Thanks to Drew Naylor at MaxContact
3. Make It Personal
Customer satisfaction is more important than ever before. A great customer experience builds brand advocacy and continued loyalty, but a bad one can have the opposite effect.
Dissatisfied customers can spread negative sentiment at lightning speed thanks to the number of online channels now available.
That’s why it’s important to make customers feel valued in order to enhance loyalty and build positive relationships.
Customer loyalty is often multifaceted, and delivering personalized experiences is one way to show customers you care about them individually.
Using technology such as conversation intelligence can allow you to build data-driven loyalty schemes based on customer behaviours and preferences.
When customers feel valued and understood, as well as receiving experiences that are specific to them, they’re likely to be more loyal and even expand the business they do with your brand.
Thanks to Frank Sherlock at CallMiner
4. Think Proactive and Predictive
A goodwill gesture can be delivered through proactive, predictive and seamless interactions.
Imagine you’re getting ready to fly across the country. Before leaving home, you receive a proactive text message from the airline: your flight is cancelled. The text asks if you’d like to reschedule. You respond with “I want to fly out as soon as possible”.
With proactive, predictive messages, the airline understands what you’re asking and responds with a booking link as well as a voucher code. While the traveller is booking the new flight on the website, they can chat with a bot that can tell them how to redeem the voucher.
At any point the bot can seamlessly transfer them to an employee for further assistance, picking up exactly where the conversation left off.
This is not only seamless and proactive, but eliminates the opportunity for error or misunderstanding, keeping the traveller informed, happy and appreciated.
Thanks Elizabeth Tobey at NICE
Five Practical Suggestions You Can Implement Now
When bad things happen, seize the opportunity to show your humanity and dedication to your customers in real, meaningful ways. Here are some useful suggestions:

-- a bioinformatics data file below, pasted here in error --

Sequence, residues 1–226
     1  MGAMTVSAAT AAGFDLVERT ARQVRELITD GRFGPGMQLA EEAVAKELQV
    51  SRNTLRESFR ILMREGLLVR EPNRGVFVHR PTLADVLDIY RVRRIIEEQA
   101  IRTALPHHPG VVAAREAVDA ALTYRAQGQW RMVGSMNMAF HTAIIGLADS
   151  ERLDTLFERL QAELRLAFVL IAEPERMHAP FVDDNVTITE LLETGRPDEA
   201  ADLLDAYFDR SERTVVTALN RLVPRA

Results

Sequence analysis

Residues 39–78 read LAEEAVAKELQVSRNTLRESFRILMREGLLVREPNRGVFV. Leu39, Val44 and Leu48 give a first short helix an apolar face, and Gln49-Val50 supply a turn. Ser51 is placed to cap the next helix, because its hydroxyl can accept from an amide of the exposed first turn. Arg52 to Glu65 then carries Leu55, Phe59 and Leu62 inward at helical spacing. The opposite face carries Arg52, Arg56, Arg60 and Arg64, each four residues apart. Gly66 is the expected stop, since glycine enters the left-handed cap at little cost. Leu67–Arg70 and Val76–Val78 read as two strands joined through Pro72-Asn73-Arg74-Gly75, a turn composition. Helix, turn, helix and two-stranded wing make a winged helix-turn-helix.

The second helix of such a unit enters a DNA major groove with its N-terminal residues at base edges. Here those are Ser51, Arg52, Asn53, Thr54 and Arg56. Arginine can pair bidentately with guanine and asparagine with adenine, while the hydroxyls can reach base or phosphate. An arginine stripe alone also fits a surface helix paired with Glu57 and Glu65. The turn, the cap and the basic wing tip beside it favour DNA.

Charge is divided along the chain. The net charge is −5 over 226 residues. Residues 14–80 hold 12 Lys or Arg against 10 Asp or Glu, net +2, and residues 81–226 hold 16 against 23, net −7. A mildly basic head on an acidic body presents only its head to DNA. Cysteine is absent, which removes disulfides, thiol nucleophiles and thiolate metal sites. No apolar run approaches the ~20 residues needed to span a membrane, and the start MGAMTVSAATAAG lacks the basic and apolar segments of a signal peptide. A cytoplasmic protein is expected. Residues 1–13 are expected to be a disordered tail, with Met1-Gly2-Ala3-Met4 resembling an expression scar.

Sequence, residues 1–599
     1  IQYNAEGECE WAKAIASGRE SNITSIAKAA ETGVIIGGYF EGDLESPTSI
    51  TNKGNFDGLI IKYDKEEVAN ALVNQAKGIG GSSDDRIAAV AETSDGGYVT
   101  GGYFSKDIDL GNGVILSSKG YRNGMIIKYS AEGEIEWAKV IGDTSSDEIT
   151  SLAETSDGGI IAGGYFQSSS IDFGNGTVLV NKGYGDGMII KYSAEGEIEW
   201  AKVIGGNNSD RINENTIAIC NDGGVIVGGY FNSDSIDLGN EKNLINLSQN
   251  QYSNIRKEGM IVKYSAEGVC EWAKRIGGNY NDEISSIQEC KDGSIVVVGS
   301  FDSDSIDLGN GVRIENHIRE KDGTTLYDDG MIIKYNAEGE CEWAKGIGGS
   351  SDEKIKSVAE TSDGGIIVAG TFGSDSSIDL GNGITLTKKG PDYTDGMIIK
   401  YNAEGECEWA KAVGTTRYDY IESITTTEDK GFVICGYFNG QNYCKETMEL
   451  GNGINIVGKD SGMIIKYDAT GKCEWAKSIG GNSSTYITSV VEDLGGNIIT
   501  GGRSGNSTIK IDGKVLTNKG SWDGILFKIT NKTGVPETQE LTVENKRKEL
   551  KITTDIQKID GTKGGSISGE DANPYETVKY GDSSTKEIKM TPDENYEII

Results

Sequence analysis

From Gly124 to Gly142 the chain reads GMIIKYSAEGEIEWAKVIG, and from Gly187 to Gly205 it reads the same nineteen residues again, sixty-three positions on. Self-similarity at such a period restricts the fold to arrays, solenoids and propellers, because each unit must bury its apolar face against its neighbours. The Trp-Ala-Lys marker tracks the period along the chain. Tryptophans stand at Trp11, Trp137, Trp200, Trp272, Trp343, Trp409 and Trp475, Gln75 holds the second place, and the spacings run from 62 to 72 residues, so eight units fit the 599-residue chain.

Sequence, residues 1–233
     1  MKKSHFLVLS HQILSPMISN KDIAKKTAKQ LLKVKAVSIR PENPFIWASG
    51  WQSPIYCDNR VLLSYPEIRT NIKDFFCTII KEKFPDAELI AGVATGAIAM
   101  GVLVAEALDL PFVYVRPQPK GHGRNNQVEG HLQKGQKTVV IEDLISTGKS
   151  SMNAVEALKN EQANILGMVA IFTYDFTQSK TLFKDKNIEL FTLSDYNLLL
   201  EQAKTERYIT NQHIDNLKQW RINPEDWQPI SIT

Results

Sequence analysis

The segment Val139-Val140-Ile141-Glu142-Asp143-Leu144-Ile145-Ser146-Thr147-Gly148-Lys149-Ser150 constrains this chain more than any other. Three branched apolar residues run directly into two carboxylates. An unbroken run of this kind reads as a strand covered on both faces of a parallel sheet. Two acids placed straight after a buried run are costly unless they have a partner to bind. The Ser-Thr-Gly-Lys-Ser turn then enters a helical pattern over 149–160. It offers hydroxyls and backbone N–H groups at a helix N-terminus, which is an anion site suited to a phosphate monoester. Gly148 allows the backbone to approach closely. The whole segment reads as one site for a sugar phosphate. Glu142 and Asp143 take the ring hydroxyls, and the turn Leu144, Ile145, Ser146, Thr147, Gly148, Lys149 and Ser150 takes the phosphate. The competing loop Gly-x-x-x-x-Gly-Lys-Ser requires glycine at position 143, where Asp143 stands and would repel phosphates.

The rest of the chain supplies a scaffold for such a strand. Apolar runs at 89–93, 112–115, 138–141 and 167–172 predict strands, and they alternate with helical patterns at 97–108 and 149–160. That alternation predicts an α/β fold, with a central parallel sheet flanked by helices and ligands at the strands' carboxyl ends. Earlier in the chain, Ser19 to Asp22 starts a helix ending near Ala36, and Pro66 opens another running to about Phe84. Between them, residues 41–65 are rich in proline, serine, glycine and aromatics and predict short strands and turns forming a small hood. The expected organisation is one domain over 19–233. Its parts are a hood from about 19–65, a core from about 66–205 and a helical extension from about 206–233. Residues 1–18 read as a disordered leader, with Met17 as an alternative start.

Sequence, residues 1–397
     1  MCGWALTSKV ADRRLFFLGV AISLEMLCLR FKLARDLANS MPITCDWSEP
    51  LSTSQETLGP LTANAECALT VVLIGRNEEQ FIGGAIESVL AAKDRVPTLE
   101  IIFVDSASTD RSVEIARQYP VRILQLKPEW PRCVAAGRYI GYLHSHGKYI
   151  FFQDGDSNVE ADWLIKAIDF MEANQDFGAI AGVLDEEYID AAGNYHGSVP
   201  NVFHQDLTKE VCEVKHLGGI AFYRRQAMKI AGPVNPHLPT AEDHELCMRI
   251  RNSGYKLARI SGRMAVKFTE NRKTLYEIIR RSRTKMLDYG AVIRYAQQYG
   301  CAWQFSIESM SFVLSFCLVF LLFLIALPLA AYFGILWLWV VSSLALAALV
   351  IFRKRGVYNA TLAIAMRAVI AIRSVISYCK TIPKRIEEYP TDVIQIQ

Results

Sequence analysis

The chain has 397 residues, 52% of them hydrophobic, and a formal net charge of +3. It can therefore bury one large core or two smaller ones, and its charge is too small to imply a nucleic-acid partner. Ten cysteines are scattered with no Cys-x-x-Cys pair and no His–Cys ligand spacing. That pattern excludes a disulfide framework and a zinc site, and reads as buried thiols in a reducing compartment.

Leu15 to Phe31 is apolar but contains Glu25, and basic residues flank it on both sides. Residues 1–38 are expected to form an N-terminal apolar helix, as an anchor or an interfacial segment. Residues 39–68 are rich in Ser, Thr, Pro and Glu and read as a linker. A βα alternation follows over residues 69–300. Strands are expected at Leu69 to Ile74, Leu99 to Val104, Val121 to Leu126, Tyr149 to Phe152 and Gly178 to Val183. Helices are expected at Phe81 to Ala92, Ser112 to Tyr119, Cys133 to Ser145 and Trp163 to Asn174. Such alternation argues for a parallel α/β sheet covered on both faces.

1. Loyalty Programmes
Offer access to a loyalty programme where customers can access discounts, flash sales, loyalty prizes, free shipping, etc.
2. Seek Actionable Feedback
Make changes based on feedback and advertise these changes with messaging that shows how customer input influenced this new direction.
3. Thank-You Notes or Emails
Simple, yet effective, a personal thank-you note or email means customers feel heard and appreciated.
4. Give to a Cause the Customer Espouses
This doesn’t have to mean money, it may be time that you can free up for you and your team to volunteer.
5. Offer a Free Service
Something that you could monetize but will provide to your customer free of charge. An example is Loom’s removal of a recording limit on their sharable video software.
- Promote their business on your website/blog/social media
- Provide an early upgrade
Thanks to Caroline Leonard at Spearline
Discount and Free Delivery
A friend of mine recently got a 10% discount code and free delivery on their next order after complaining about a delayed parcel.
Thanks to Megan
I once got money off my internet bill as I kept getting drop-outs – it didn’t fix the problem but did help calm me down when I was feeling frustrated.
Thanks to Rachael
Free Product or Service
Free overnight shipping, upgraded product, a percentage off the current or next order or both, and in some cases, a free product.
Thanks to Michael
For more great insights and advice from our panel of experts, read these articles next: